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- PTSD, It’s not just for Mothers

Last Updated: 10/5/2011

** Warning:  Trauma Triggers

One of the reasons I started serving women in birthwork was to help empower them.  I enjoy teaching and seeing those wonderful "ah-ha” moments when a woman realizes that SHE is the Conductor in the great orchestra of her experience.  When she goes from saying, "I asked him (the doctor) IF I CAN do this-or-that” to "I told him I want to do this, and asked him if/how he’ll support my choices.”  Semantics ARE incredibly powerful and most surely do set the tone for a person’s outlook.  If a woman thinks the doctor is in charge of her, she’ll do whatever he tells her to do.  A good number of women operate with this mindset.  I work to help a woman realize that it is actually HER experience, HER choices, HER responsibility and SHE will live with the consequences of the choices that are made, whether by her or by her provider.  It is HER power and the provider can only have it, if the woman gives it to him/her.  I spend a lot of time in my childbirth education classes discussing informed consent/informed refusal.  You cannot consent to something to which you cannot also refuse.  You must be able to make that choice.  Personal liberty means we each own our own body and are entitled to make all of the decisions regarding it, whether or not anyone else agrees with them.  That includes medical choices.  You do not HAVE to do what a doctor tells you to do.  They are a paid consultant.  You are paying them for their OPINION.  Since they have a medical degree and a vast amount of education and experience and should be keeping up with research and updated studies, their opinion should be more educated than a typical layman’s opinion.  That said, you are still the one that is most knowledgeable about your body and your baby.  Because the results and consequences are yours, the choice is also yours.  The only ones who have to follow doctor’s orders are nurses and doctor’s kids.  Not patients.  I tell my childbirth education students/doula/midwifery clients to think of themselves as consumers, rather than "patients”.  This is especially true in regard to pregnancy and birth because neither are pathological conditions.  They will normally not even require medical assistance.  We will role-play a lot of different scenarios to help a couple decide what choices they will/would make if different situations/complications occur.  We talk about typical obstetrically-used medications and their risks/benefits/side effects.  We talk about interventions and indications for the use, their benefits/their risks and what happens as a result of them.  I help a couple decide what THEY want to occur, and help them put it into words and put it on paper in the form of a birth plan if they are going to a hospital with an OB for their birth.  I have taught them that no means no, and that if you use your voice, then providers must honor your choices.  If you say "NO” then they won’t "DO” what they’re proposing to do.  So if you see a doctor pull out an amnihook, you know they’re going to break your water.  They may not ask; they may just do.  If you have a doula, or another support person who recognizes what is happening she can point that out and ask if you want that.  At that point, you can tell your OB that you do NOT want your water broken, if that is your choice.  Then he will honor you, even if he wants to do otherwise.  He may argue with you and try to get you to change your mind, but if you’ve said no, then he’ll stop.  He has to; to do otherwise would be assault.  That is what I USED to teach.  I had to change my tune because it didn’t work anymore.  Saying no proved futile several times, but this one time especially.  I am going to use names and places in telling this story and I did ask the mother for permission to tell her story, use her name and her pictures.  She graciously granted it and said she still tells it all the time.  I told her I’d be telling it from my point of view especially regarding the disrespect and abuse.  She still granted permission.  I didn’t ask the provider for her permission.  I’m pretty certain she would not have granted it.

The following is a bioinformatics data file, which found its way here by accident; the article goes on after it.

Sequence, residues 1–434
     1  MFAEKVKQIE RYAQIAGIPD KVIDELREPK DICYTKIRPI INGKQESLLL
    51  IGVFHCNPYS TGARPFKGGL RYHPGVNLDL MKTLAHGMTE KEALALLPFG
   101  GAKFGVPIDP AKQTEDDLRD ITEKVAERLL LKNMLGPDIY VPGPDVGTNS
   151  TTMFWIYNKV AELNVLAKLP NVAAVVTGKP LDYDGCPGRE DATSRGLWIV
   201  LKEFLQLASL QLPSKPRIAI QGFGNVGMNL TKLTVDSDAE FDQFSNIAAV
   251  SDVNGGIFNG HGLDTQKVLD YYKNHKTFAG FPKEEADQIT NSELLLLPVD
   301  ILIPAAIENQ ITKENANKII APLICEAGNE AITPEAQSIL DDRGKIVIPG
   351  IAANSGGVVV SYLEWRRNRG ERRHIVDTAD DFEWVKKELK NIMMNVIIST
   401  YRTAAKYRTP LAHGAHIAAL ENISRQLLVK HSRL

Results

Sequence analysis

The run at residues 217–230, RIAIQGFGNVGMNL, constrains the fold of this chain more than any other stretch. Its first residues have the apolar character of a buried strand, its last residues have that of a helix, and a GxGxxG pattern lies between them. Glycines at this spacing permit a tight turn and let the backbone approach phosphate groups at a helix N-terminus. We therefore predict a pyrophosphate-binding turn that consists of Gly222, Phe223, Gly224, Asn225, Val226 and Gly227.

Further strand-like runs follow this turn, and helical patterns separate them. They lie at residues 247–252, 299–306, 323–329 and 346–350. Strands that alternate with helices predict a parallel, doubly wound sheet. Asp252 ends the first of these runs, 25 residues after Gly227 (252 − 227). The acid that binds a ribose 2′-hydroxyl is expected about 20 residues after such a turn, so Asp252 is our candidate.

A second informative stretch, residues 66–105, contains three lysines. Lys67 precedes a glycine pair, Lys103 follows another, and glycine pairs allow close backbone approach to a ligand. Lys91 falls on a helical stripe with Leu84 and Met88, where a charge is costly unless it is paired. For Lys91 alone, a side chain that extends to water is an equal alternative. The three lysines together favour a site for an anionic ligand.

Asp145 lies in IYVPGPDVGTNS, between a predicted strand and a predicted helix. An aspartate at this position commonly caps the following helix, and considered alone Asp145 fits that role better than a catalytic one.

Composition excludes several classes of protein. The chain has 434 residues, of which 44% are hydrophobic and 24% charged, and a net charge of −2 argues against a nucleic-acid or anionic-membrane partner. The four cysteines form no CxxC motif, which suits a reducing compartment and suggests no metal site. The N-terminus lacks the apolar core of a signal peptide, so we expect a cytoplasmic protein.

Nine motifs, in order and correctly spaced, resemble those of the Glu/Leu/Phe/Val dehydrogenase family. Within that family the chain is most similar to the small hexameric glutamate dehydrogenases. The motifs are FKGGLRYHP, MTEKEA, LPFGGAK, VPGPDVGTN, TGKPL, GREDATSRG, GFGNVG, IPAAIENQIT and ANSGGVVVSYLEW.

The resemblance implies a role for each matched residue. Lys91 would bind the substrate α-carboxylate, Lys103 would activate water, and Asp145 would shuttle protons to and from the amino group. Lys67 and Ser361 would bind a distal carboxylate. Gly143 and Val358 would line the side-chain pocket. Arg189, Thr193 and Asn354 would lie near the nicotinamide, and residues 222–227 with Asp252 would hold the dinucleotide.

Geri and Zak came to me near the beginning of her 3rd trimester.  Zak’s mother was in my homeschool support group and she asked me if I’d teach them a childbirth education series.  They are very young adults, very polite and kind, a very sweet couple. We met and they were very excited about their upcoming birth and their new baby.  They had chosen Genesis OB because they had a scripture verse in their yellow pages add, so they thought they must be Christians.  However, the physician they had chosen was incredibly authoritarian and insisted that Geri have weekly ultrasounds. These ultrasounds were "required” because Geri was a smoker and the OB stated that she was going to have IUGR from smoking, so he had to monitor it to know when baby needed to come out.  It was causing incredible stress to them, and she didn’t have any signs or symptoms that baby was too small.  She measured standard for her gestation and had adequate weight gain.  The ironic thing is that repeated ultrasounds for IUGR is not either medically indicated or does it provide improved outcome.  I suggested to Geri she could refuse any more ultrasounds if she wanted, she didn’t HAVE to go, it was her body/her choice.  She could call and cancel her next appointment.  So she did.  Or she tried to.  She called to cancel and was told, "You can’t cancel, you MUST come in today.”  So she did.  She figured she just had a couple more weeks to go and didn’t want to deal with the conflict.  They hired me to also serve as their doula, believing that I could help provide the kind of experience they wanted. She really didn’t like her provider and mustered up the courage to change to another more natural-friendly provider but because she was so far along, there wasn’t a local one that would accept her transferring in.  Then a very funny thing happened when she hit 40 weeks.  All of a sudden, that baby went from "too small” to "going to be WAY too big” so she was going to have to be induced by 41 weeks, non-optional.  Imagine that!  At her 39 week ultrasound he’s still in danger of being too small.  Then magically at 40 weeks it changes.  Now he’s in danger of being too big.  In just one week, even though her fundal height was exactly where it was supposed to be, and even though her weight gain was just typical, that baby absolutely HAD to come out so he wouldn’t be too big for a vaginal delivery. She WOULD be induced by 41 weeks, and not a day later.  We talked about refusing, negotiating a later date, just not showing up.  I assured her they could not FORCE her to submit to an induction.  She really did not want the conflict so instead she chose to do a castor oil induction herself at home.  She looked it up and made that decision because she feared a chemical induction with her provider.  She had met one of the provider’s partners, Dr. Rosalind Jackson, and she was really hoping she would be the one to attend her during her birth.  She described her as very nice and friendly and she said if she was the one that attended her birth, she’d help her achieve her birth plan.  Her labor kicked right in with the castor oil, and even though she was fearful of the pain and not having the ability to do it, she labored just beautifully.  She never faltered in managing her contractions and staying in control.  She and Zak worked well together.  I found her laboring over the birth ball when I arrived at their home.  She would moan softly through the contractions and was remaining hydrated and coping beautifully.  A very short time passed when she started having bloody show.  She was ready to head to the hospital.  We arrived at Kettering Medical Center and went through the admission process.  The nurse was very jittery about Geri moving around instead of lying in the bed.  She didn’t want to get her a birth ball or have her up out of the bed.  When she did the initial cervical exam she found her 9cm.  The nurse experienced quite a bit of nervousness at this point, calling the OB, running around getting things set up.  In retrospect, I realize this is because she was terrified of the OB.  She already knew what was in store.  In attendance were Geri’s parents and Zak’s mother.  Geri wanted to use the bathroom, so we moved toward there.  The nurse told her she couldn’t go that far from the bed.  She said it just isn’t done.  She had worked there for 31 years and you just don’t DO that.  We were a bit flabbergasted, but continued to negotiate with her.  She finally agreed to "allow” it as long as Geri promised NOT to push and I would watch her.  When she was in the bathroom, her water broke.  We informed the nurse, who came and checked the fluid.  She insisted Geri come back to the bed immediately.  About this time, Dr. Jackson entered the room.  Geri was so excited to see her and that it wasn’t her primary doctor.  She told her to "get in the bed”. I asked if it was okay if she stayed near the bed and leaned on the birth ball, that she was coping very well that way.  She said, no, it was not okay, that that is NOT the way SHE DELIVERS babies.  She needs to be ON her back.  The DONA scope of practice for a doula does not allow the doula to speak for the client or to perform any clinical duties.  Looking back, I see that by getting into the bed, Geri was giving implied consent, regardless of what words she used. When she "obeyed” the directions that implied consent.  She didn’t HAVE to get in the bed.  She shouldn’t have gotten into the bed. She really should NOT have gotten into that bed.  I looked to the father and asked, "well, would YOU like to catch your baby, since she can’t except in that way”  He was just not comfortable doing that and said he couldn’t.  As a DONA certified doula, I couldn’t even offer.  Geri’s labor was moving rapidly along and she was starting to push.  The doctor instructed her mother and myself to hold her legs up and open.  We both also obeyed her.  Zak was near Geri’s head.  The others were in the distance, with the nurse next to Geri’s mother, near her head as well.  Dr. Jackson started stretching Geri’s perineum.  She was incredibly forceful and it was very painful for her.  She told her to stop.  She told her repeatedly to stop.  She wouldn’t.  She didn’t say anything, she just kept doing what she was doing.  She then turned to the nurse and told her to get a foley catheter.  I said, "She just used the bathroom, not more than 10 minutes ago, her bladder is empty.”  She continued opening the package.  I looked to Zak and said, "She’s proceeding to use a catheter now, to empty her bladder, that is not on your birth plan do you have any questions?  Did you want that?”  He said, "NO, STOP, do NOT do that!”  Geri looked at her and said, "I do NOT want that, don’t use it.” She continued opening the package.  I said, "You are going against her expressed refusal with that procedure.”  She glared at me and said, "YOU are INTERFERRING, STOP!”  I just could not believe what was happening.  I had no more words.  Zak continued to yell at her, as she prepped her and inserted the catheter.  Nothing came out.  She snorted and said, "humpf….nothing in there, I guess it was empty.”  Baby was moving down nicely and Geri was continuing to do an incredible job, despite the disrespect.  Dr. Jackson continued the forced perineal stretching.  I leaned over and whispered to Zak, you’re going to have to tell her NOW not to cut the cord” and so he did.  She asked why, and he told her their reasons.  Then she asked, "Well, for how LONG?”  "Until it stops pulsing,” he said. She replied, "That won’t be until after the placenta is out.”  "That’s perfect,” said Zak.  She pretty much just glared at him.  She didn’t say a word.  A few pushes later she asked the nurse for scissors.  I again looked at Zak/Geri and said, "She’s preparing to do an episiotomy, do you want to ask her any questions?  Do you want that?”  They both began to yell at her to stop it, they did NOT want that.  She said, "I have to or she’ll tear.”  To which Zak replied, "then let her tear, it’s her choice.”  She looked at us and cut the whole length of the scissors.  Baby quickly emerged and he was beautiful.  Geri was so happy and proud.  She was just triumphant and radiant having accomplished her labor and birth without any medications.  She hadn’t believed she had the fortitude to do it.  As soon as he was lifted on her belly, Dr. Jackson told the nurse to clamp the cord, as she clamped the other side.  Zak was yelling at her to stop, and even put his hands up to stop her.  She shoved the scissors into his hand and said, "here….CUT!!”  It was already clamped in 2 places, and he was so defeated that he just did it.  His shoulders slumped and his countenance fell.  At a time when they did the most incredible work of their lives and God presented them with the most exquisite individual baby-person, a doctor violated their wishes, their commands, their expressed refusal and performed procedures on her body and her baby that she did not want or need.  All I could think of was trying to redeem the time, and concentrate on that sweet baby.  We got him ready to nurse, and Dr. Jackson began stitching her up.  She was not adequately anesthetized and was feeling every stitch.  Even with her wincing and crying, she continued with her job.  I was so appalled and disgusted.  I said, "She feels every stitch, can’t you PLEASE give her more Novocain? Please?” She rolled her eyes, and snorted, but she did give her another injection before finishing the stitches.  I asked the nurse later if she is always like that, and she said, "Oh yes, we don’t usually say anything because if we do, she treats them even worse.”  I encouraged them to file a complaint.  I don’t believe they ever did.  I think that they just wanted to concentrate on that sweet baby.  I don’t blame them.  It makes me sad to know she is repeatedly doing this to women, every day, and nurses watch.  I watched.  I was powerless to stop her.  Or was I?  It took me WEEKS to be able to sleep through the night without waking up and reliving the birth over and over.  I kept replaying it in my mind and in my dreams, wondering WHAT could we have DONE to make her listen?  I thought back over and over and over and over and just could not think of ANYTHING.  They said everything right.  They SHOULD have been respected.  But they weren’t.  There were no clearer words than "No, STOP!”  The only thing she could have done was refused to get on the bed; refused to obey her orders and not let her near her body.  So now when I hear other birth workers teach, "just say no” I always think….it’s just not enough anymore.  I don’t teach that anymore.  You’ve heard of defensive driving?  Well, you have to practice defensive birthing with some providers.  The problem is you just don’t know who they are.  You might have an idea, but sometimes you just don’t.  Sometimes they act one way in the office as evidenced in this case, and then totally opposite/different in the birth.  This isn’t the only birth abuse I’ve witnessed, or the only provider I’ve seen do it.  It was, by far, the worst though.  It totally changed my mindset and philosophy.  It is one of the main reasons I no longer take many doula clients.  I just cannot watch it.  I need to be fairly certain that it’s not going to happen to this extent again for me to agree to be there.  I will not stand by and watch it again, that is for certain.  I would DO something next time, even if it gets me thrown out, even if it makes me lose my certification.  I feel so very badly that I did not make a difference for this couple.  I know what I would do differently now.  I would not stand by.  I would NOT stop interfering.  As I prepared and began writing this story, I again suffered repeated flash-backs and feelings of powerlessness and several sleepless nights.  I’ve mostly written in the early morning hours, well before 5am.  Birth trauma and PTSD is not just for mothers, it affects others as well.  This is another reason I’m investing in Birth Freedom Network of Ohio.  It should be clearly written in our law that women have the right to birth HOW, WHERE, and with WHOMEVER they choose.  Hospital policy or provider preference should have no bearing on a woman’s position during birth or whether or not someone’s hands or instruments are inside her vagina manipulating it.  It should be HER choice, and hers alone.  I completely understand why some women call it "birth rape”.